As mayor of New Orleans, I found that governing a city without data was like driving a car without a steering wheel. You just can’t do it. You cannot and should not have a strategy without a way to measure impact accurately. From there, you can set goals and benchmarks from which to operate.

Without clear national guidelines, there has been mass confusion about the accuracy and usefulness of COVID-19-related data since the outset of this pandemic. It took weeks (and months in some cases) for some states and localities to disaggregate demographic data, which clearly showed huge disparities in contraction and death rates by race.

In more recent weeks, the Centers for Disease Control (CDC) has been conflating viral and antibody test numbers to a degree that it may provide states false hope. Testing numbers are critical in measuring our ability to trace and treat COVID-19 patients. Combining two distinct types of tests overstates our ability to test people who are sick. Quite simply, CDC and state data doesn’t line up.

The CDC is not alone in making mistakes. There are widespread reports across the South — including issues in North Carolina, Georgia and Florida. Mecklenburg County officials in North Carolina were told they were using their public models incorrectly. Georgia officials have come under fire for appearing to manipulate the state’s dashboard to show a nonexistent decline. And there’s been coverage of a Florida employee being fired after questioning the state’s transparency. Local media, luckily, has been holding officials accountable, which has resulted in major corrections.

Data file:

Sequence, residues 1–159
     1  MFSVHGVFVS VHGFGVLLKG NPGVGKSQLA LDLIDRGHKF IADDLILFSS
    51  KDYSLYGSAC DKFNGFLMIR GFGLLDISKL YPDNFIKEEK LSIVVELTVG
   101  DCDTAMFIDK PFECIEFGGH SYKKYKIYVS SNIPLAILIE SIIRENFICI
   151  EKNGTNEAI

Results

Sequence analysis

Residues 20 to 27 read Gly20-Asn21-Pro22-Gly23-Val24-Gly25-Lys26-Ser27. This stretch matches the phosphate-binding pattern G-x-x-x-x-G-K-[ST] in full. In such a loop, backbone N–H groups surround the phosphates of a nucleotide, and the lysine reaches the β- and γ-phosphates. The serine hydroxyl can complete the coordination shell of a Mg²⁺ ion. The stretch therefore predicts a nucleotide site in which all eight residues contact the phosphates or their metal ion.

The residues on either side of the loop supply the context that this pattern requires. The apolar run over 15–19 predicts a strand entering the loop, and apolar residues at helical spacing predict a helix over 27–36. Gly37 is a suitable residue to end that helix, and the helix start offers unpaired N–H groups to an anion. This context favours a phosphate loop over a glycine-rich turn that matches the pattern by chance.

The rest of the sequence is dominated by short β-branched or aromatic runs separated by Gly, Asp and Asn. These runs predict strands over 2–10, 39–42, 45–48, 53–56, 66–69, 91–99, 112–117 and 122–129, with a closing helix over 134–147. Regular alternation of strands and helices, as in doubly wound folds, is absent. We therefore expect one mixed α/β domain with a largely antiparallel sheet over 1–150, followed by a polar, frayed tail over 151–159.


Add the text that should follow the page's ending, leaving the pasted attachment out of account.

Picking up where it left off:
Let’s be clear: reporting inaccurate data will cost us more lives. These are not benign errors. Local, state and federal officials are making policy decisions based on published data. Businesses, families and individuals are using the data as well. If we do not have the right information, they cannot make the best decisions. And if we, collectively, do not trust the data, we cannot get this pandemic under control and our economy fully reopened.

We have to get this right.

P.S. – To learn about the importance of disaggregated racial testing data to address existing health disparities, click here.

Mitch Landrieu
Founder and President